Waiting: processing time for partner, child, parent and other family visas for Australia

When you apply to migrate to Australia to join your family members, you can sometimes experience quite a long waiting period or processing time for your application to be processed and a decision to be made by the Department of Immigration and Border Protection (DIBP). Just how long the wait will be may depend upon which category of family migration you have applied for.

Children, orphaned relatives, married and defacto partners (including same-sex partners), and fiances will be processed before other categories of relatives.  Further to this, those applications for partner visas that affect dependent children of Australian sponsors will receive higher priority than other partner visa applications. Within all these categories, relatives of Australian citizens may receive a higher processing priority than will the same category relatives of permanent residents.

Family members applying under other categories of family migration, such as parents, aged dependent relatives, remaining relatives or carers will not usually receive the same priority of processing. Applications made in these categories are processed in the order in which they are received by DIBP, but are also “queue jumped” by applications made under the higher priority visa categories noted above. This means that they can be continuously pushed to the back of the processing queue and has resulted in extraordinarily long processing times, currently ranging between around 4 years for a Carer visa to around 30 years for a Parent visa (non-contributory).

If compelling or compassionate reasons exist that you believe may warrant your visa application’s processing being given higher priority, then you (or your Registered Migration Agent) should notify the office through which the application is made. DIBP retains discretion in such cases as to what they consider qualifying reasons for such priority. Such discretion is guided by DIBP policy as found in the Procedures Advice Manual and other sources that case officers follow when considering their decisions.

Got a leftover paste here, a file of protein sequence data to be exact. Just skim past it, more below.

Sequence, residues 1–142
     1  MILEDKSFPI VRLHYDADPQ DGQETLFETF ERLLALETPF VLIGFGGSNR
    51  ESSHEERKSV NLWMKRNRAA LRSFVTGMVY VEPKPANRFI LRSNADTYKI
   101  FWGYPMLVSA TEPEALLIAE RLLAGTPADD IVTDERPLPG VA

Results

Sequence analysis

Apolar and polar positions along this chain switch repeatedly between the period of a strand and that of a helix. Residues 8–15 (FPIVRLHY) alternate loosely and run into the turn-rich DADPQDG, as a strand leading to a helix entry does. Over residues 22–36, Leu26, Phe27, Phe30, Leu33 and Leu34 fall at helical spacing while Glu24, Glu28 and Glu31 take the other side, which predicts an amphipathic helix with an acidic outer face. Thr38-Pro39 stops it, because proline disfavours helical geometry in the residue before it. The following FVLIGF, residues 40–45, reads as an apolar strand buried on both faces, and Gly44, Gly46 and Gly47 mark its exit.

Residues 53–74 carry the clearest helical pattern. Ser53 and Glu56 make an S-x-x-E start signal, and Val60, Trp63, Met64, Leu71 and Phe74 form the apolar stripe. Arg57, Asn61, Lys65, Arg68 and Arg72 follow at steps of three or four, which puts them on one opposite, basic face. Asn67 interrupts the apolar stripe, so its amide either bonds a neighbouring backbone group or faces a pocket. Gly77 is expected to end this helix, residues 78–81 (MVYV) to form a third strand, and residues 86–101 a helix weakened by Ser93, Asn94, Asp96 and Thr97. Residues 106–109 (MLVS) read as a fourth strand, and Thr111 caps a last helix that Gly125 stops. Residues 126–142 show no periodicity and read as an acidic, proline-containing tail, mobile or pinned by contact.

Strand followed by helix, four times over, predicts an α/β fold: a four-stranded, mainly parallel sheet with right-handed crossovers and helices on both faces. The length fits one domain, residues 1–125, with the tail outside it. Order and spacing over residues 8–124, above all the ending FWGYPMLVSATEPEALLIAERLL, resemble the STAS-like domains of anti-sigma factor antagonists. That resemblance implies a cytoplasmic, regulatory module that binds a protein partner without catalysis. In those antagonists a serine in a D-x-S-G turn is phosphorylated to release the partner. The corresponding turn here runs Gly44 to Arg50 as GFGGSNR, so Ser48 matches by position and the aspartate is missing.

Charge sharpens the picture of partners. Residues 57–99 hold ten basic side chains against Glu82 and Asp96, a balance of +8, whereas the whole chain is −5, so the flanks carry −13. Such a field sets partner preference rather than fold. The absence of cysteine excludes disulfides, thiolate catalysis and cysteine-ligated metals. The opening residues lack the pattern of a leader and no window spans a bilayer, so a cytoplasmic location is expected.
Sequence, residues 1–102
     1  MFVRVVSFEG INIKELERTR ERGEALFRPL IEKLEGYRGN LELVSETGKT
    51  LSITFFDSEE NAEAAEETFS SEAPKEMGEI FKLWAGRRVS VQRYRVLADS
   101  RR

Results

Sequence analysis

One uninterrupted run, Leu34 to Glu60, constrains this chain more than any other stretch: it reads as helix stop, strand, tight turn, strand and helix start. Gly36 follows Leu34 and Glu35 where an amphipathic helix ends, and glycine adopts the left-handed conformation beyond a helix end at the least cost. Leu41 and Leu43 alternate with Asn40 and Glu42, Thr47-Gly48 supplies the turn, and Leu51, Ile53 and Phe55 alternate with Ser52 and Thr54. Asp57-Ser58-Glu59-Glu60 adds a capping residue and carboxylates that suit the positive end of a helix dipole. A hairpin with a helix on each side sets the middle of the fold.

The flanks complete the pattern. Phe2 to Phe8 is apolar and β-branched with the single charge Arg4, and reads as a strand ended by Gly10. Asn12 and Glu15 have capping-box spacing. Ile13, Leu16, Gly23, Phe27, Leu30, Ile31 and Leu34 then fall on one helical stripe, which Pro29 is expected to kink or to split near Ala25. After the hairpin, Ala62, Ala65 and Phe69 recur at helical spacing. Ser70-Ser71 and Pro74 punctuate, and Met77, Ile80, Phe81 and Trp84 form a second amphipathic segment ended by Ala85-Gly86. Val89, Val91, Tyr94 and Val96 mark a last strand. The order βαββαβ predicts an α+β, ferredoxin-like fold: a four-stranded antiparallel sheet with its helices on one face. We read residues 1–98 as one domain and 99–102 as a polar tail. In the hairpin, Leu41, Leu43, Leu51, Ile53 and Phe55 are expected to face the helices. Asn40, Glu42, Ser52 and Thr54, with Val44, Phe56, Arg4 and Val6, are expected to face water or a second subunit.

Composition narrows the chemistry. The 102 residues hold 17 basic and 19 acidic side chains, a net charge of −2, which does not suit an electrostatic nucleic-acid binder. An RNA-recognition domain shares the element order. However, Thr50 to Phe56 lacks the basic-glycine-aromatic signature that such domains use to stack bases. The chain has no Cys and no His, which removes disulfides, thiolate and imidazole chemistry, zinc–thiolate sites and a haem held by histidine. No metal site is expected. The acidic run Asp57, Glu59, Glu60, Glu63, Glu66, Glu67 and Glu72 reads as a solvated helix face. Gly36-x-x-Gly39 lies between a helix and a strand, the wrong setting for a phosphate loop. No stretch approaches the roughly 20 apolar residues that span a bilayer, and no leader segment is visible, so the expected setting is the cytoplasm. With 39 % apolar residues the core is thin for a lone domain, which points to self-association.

If you need to know if your family member’s circumstances may qualify for priority consideration, you should ask a registered migration agent to advise you, as agents have access to the policy sources that will apply and can show you the likely strengths and weaknesses of any argument you are trying to make in support of priority of processing. However, as a general rule, family members missing each other is not usually considered sufficient reason for prioritising an application as this is considered to be something suffered equally by all families in the queue. However, serious illness of an Australian sponsor, or some other such exceptional circumstance, may be persuasive. As a guide, the circumstances contemplated would need to take the situation well beyond ordinary family ups and downs.

An exception to the orders of priority noted above is applications made under the “Contributory Parent” visa sub-classes. Applicants for these visas pay far higher fees associated with their applications, but are processed far more quickly than other parent visa applicants. Current processing times average 16 months.

Michele Clayton Migration Agents Registration Number 0957773

Legal Practitioner NSW 55486

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